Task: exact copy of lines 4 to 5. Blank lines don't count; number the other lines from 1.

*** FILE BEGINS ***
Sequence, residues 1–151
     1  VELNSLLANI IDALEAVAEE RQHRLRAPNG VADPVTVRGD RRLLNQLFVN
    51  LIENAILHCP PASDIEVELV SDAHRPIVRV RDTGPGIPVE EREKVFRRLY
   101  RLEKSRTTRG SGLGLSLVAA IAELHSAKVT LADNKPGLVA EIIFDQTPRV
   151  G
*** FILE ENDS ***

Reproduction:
   101  RLEKSRTTRG SGLGLSLVAA IAELHSAKVT LADNKPGLVA EIIFDQTPRV
   151  G